Walking tall

June 28, 1991|By Kevin J. Lanagan

MY 4-year-old son picked a leaf from a large dogwood tree and handed it to me. The leaf was smooth, deep-green and shiny. But its large size attracted him most. The leaf surpassed in dimension the pale ones attached to the dogwood in our yard, their more diminutive state the result of a perpetual and losing struggle to wrest nutrients from our boulder-laden soil.

"Daddy, have this leaf."

Jamie makes me a frequent recipient of his gifts -- advice as wel as objects. Complaining to my wife one evening, Jamie within earshot, about my overloaded "in" box at the office, I Kevin J.Lanagandecried the volume of documents "coming at me." Jamie must have constructed as his mental model of what goes on at my job an image of people heaving papers at each other. Days later, as I trudged out the door to do battle with memo-mongers, he solemnly counseled: "Don't throw papers at anyone, and don't let them throw papers at you!" Upon reflection, I have decided that his model is accurate, and his counsel prudent.

Being a father focuses you on what is real. Daydreams, however vivid, don't get diapers changed; kids never wait while you grab 10 more minutes' sleep. My son rarely lets what is real get too far away from his sights, either. While driving home from pre-school one morning, I tried to explain what an allergy was. (Who knows how these topics ever come up.)

"It's when things do something to you. I'm allergic to cats; they make me itchy." Jamie considered this for a moment, then asserted he was allergic to dogs. "Why?" I asked. "What do they make you do?" He replied earnestly, "They make me want to run away from them."

When he was 2, Jamie caught his head in the arm of an aluminum lawn chair. Struggling to free himself, he screamed as much in fright as in discomfort. I nervously tugged at the chair and my son, but in my haste and alarm I succeeded only in wedging him more tightly. Ultimately, a neighbor had the presence of mind to cut the chair and snap the arm loose. Once free, Jamie became eerily quiet, clutching his blanket and his mother. I could not rid myself of the notion that inside his intense silence was radiating the discovery that his father could no longer unswervingly be counted on to rescue him from harm.

At the end of the compelling play "My Dinner with Andre," the character Andre speaks about how fragile and changing are the roles of parent and child. He concludes with a rush of images:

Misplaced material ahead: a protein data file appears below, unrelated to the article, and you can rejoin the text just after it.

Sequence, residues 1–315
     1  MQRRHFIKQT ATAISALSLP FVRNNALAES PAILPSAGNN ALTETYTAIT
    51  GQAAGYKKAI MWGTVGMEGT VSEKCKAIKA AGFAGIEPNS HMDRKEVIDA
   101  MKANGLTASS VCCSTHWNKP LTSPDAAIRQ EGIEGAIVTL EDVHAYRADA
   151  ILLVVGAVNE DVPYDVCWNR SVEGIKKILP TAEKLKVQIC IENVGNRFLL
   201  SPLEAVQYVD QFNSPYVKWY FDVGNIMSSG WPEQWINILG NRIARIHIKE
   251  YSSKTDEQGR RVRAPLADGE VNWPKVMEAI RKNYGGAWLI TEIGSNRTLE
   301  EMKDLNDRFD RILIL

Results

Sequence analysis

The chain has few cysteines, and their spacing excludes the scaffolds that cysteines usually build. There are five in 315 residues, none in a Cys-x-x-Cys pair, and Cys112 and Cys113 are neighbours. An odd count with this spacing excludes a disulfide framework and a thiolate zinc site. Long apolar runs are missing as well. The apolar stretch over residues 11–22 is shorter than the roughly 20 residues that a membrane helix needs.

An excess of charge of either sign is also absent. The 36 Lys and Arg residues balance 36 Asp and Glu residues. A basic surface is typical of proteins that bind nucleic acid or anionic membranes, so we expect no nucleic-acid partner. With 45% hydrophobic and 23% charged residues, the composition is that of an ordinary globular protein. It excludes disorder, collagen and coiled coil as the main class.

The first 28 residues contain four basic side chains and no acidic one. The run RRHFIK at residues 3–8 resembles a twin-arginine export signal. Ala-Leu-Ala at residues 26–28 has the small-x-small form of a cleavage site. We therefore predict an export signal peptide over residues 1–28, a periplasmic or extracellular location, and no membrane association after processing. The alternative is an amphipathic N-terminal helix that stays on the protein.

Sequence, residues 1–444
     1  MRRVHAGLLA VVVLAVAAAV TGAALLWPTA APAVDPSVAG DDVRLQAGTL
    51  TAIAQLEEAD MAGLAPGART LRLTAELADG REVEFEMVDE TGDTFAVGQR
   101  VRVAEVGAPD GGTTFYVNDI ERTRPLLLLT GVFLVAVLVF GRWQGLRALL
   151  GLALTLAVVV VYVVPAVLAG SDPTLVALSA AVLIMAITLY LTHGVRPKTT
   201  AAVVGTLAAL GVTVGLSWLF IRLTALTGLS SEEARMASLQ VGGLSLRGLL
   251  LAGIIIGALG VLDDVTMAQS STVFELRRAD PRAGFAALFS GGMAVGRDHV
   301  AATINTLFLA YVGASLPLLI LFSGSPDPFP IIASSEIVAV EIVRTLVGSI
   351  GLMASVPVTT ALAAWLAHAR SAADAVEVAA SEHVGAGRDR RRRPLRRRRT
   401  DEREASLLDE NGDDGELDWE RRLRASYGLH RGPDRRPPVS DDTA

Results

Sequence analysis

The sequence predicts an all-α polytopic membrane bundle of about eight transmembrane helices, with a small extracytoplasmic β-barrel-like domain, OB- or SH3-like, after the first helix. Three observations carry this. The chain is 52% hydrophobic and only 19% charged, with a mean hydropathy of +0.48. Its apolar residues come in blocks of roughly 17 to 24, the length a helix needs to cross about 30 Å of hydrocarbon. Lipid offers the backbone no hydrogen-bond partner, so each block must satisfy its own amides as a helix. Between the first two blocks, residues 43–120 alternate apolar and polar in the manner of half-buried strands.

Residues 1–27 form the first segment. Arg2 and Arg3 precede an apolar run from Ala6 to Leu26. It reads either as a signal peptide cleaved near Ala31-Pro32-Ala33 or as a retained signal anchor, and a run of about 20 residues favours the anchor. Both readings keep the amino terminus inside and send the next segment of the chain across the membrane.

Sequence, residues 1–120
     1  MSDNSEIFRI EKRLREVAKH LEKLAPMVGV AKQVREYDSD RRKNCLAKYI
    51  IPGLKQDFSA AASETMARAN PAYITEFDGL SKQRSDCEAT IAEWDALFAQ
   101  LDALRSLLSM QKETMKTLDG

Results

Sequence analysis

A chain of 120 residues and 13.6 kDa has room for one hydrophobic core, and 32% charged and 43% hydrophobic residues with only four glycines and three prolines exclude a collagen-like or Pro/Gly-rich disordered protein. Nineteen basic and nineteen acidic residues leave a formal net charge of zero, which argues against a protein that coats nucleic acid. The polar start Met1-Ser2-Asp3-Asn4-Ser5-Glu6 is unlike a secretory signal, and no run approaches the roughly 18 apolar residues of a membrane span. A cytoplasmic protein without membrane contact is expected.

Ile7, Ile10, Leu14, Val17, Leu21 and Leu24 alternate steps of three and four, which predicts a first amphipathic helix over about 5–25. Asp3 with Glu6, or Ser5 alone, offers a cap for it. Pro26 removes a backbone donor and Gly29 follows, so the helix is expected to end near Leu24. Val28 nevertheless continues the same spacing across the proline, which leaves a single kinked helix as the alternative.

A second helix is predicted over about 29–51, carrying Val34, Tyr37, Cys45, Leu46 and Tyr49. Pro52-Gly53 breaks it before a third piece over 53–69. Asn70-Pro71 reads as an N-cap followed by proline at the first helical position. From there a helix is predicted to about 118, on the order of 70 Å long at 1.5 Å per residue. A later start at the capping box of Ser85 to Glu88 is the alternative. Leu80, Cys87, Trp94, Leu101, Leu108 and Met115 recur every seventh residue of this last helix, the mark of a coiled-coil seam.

"What does that mean? A wife. A husband. A son. A baby holds your hands, and then suddenly there's this huge man lifting you off the ground, and then he's gone. Where's that son?"

My own father died at 32, when I was a year old. I never knew him. For me, also, the "huge man" was gone. It's funny, but I have always pictured him, even now as I approach my 40s, as being much larger than I, even though if he were alive now we would be nearly the same size. I envy and wonder about people who get to grow up with their fathers. Do fathers seem to shrink? Does this happen not only in terms of size but also of stature? When Jose Canseco doesn't hit home runs anymore, will he seem smaller, less ominous to his children, to fans?

We took Jamie to a popular amusement park in Pennsylvania. The day was suffocatingly hot, the park teeming with ripe people. Jamie's head cold would not relent. Lines were forbidding. Upon arriving at the feature water ride, we learned that Jamie was not tall enough to be allowed on. His face crumbled.

For a diversion, I quickly undertook the most daunting of carnival games to win a Bart Simpson doll, a Ninja Turtle, anything. It was futile. As a last resort, I doggedly arched six basketballs toward a minuscule hoop. The sixth caromed in, winning a fuzzy stuffed version of the ones I had launched.

Embracing the ball, Jamie looked up at me, too tired even to smile. "You won this for me?" He left the park exhausted in a stroller, a thumb in his mouth, an arm firmly pressed around the prized orb.

When he clutched the ball, I felt he was hugging me, was witnessing that I had somehow redeemed the day. It was a victory more palpable and exhilarating than anything the Olympics could offer.


"Daddy, have this leaf."

"Thanks, Jamie. Why did you give me this leaf?"

" 'Cause it's giant, like you."

I haven't often lived up to such a grand billing. But for that day, at least, as my son and I ambled away from the magnolia, I was walking tall.

Kevin J. Lanagan writes from Lutherville

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